Shot in Orissa’s Rayagada district, ‘I cannot give you my forest’ is a film that explores and tries to spread the importance of forest food in the tribal culture. Its focus on such an integral and crucial environment issue has made it bag several prestigious awards globally.

‘Nachom-ia Kumpasar’ (Konkani) is based on the lives of two musicians and is narrated through over 20 popular Konkani songs from the 1960s and 1970s that have been re-recorded for this film. ‘Killa’ (Marathi) portrays the life of a young boy who has a hard time settling in his new countryside home after his father’s death in their previous city home. Several other films were awarded in different categories.

With filmmakers across the country daring to unveil, explore and narrate untold stories, forgotten accounts and ignored events, the National Film Awards always come in as confirmation of what India takes pride in – Unity in Diversity.

  • More than diversity, I think the award shows an underlying discontent and urgent need for change in the society. All the movies in some way or the other portrayal of breaking free from the stifling society.

    Our decadent government touting development and progress like some door to door salesman of substandard products, needs to learn something from this.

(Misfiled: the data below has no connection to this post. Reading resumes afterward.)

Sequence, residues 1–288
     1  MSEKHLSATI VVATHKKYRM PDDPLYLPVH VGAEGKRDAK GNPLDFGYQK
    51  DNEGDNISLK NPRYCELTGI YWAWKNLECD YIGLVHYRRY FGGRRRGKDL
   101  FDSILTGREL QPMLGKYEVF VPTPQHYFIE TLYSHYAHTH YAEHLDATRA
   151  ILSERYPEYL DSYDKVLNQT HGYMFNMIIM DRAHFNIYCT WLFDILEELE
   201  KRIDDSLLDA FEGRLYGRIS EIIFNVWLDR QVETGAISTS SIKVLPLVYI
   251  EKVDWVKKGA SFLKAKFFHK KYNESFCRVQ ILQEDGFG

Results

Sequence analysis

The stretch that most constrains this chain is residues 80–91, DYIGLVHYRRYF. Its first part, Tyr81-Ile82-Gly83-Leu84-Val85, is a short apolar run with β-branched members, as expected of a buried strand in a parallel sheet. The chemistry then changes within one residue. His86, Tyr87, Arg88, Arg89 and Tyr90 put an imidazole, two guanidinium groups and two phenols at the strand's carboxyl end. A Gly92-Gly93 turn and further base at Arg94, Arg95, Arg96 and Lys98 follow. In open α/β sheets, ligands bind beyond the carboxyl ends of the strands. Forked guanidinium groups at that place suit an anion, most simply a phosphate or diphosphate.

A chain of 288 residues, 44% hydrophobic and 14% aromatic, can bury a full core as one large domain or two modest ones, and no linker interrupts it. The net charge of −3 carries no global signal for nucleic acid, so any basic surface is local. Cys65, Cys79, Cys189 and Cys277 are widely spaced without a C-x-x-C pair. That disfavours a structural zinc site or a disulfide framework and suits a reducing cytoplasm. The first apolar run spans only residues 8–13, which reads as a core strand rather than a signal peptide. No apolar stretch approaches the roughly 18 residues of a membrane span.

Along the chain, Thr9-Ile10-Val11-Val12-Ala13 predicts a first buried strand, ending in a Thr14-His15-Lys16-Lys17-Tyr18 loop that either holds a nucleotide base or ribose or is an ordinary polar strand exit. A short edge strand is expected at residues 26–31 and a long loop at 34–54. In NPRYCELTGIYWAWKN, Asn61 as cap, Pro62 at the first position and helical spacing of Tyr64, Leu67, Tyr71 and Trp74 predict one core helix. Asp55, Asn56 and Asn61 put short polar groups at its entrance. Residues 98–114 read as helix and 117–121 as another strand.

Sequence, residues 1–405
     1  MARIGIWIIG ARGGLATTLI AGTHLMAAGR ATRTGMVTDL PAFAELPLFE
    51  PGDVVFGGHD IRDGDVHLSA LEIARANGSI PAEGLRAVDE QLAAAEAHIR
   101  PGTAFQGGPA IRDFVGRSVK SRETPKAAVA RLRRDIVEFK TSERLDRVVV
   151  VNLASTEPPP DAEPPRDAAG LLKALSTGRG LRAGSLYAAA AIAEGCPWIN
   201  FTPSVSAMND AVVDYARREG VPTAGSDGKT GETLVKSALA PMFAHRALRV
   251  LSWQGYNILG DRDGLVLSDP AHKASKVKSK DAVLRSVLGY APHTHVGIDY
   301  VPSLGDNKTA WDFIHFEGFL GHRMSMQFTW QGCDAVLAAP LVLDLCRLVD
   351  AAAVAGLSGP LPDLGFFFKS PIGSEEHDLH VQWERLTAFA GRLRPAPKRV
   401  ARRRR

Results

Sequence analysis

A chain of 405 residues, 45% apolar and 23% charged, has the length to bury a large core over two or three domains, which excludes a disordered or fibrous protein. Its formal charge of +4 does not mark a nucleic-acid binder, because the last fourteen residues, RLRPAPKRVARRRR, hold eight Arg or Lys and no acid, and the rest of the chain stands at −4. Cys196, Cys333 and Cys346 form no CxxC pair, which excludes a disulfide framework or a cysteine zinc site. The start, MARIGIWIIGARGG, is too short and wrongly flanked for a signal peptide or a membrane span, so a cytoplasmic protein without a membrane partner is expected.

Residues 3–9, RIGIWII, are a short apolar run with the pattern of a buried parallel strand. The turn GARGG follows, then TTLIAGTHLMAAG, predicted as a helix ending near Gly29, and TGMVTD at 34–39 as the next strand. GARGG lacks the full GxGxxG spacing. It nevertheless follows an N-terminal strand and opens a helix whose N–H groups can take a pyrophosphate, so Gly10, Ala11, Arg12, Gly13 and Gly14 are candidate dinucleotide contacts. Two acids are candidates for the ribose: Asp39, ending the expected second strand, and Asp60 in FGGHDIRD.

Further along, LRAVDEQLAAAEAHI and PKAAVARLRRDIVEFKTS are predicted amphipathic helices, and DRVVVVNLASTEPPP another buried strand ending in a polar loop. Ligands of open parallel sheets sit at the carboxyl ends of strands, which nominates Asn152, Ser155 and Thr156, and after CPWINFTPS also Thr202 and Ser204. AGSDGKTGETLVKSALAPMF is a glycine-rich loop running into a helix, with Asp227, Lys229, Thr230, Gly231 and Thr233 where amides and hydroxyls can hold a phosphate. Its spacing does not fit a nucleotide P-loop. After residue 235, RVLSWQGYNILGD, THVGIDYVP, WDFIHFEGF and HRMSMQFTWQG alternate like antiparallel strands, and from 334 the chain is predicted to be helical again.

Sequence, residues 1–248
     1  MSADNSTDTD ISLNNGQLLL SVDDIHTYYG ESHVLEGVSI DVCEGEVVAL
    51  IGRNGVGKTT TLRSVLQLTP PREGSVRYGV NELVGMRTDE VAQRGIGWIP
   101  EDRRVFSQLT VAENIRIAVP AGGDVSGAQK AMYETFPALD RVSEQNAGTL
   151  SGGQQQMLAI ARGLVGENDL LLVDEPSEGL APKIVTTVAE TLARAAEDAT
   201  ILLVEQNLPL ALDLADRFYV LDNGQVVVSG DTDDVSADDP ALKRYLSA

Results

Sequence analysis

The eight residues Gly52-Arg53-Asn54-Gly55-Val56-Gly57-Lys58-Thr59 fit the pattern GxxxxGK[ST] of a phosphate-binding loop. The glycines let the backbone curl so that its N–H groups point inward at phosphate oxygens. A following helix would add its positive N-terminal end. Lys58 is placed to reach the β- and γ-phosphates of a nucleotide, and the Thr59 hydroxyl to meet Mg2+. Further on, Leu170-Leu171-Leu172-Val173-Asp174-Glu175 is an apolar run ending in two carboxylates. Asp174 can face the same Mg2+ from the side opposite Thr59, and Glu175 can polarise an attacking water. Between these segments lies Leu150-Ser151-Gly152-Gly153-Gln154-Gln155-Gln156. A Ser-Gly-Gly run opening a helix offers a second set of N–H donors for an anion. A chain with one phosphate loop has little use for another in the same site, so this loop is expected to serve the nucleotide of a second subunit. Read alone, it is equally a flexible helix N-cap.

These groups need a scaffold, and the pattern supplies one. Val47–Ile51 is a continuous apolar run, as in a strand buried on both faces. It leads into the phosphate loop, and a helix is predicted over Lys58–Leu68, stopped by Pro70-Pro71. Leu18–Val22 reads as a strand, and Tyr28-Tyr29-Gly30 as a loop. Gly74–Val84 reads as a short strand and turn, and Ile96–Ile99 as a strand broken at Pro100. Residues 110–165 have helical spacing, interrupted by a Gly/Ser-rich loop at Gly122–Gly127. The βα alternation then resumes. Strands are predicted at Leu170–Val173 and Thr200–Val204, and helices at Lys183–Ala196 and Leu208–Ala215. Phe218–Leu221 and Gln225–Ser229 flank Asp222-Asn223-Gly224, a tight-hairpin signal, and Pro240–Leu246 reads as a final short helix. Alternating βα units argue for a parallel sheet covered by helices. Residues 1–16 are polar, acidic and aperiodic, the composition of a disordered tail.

• That’s a relevant point and another interesting perspective through which these films can be seen.

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  • More than diversity, I think the award shows an underlying discontent and urgent need for change in the society. All the movies in some way or the other portrayal of breaking free from the stifling society.

    Our decadent government touting development and progress like some door to door salesman of substandard products, needs to learn something from this.

  • That’s a relevant point and another interesting perspective through which these films can be seen.

Next Story

English-speaking ISIS Supporters Exploit Messaging App

English-speaking Islamic State supporters are refusing to give up

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English, ISIS, Supporters, Messaging
The Telegram logo is seen on a screen of a smartphone in this illustration, April 13, 2018. VOA